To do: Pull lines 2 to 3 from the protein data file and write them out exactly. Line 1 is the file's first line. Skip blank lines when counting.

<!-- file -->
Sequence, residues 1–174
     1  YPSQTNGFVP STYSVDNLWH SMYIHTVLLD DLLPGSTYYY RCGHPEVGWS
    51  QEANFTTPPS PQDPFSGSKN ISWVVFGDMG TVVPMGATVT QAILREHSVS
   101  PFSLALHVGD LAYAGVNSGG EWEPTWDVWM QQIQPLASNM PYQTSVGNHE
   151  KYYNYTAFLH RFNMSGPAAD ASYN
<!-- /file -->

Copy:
     1  YPSQTNGFVP STYSVDNLWH SMYIHTVLLD DLLPGSTYYY RCGHPEVGWS
    51  QEANFTTPPS PQDPFSGSKN ISWVVFGDMG TVVPMGATVT QAILREHSVS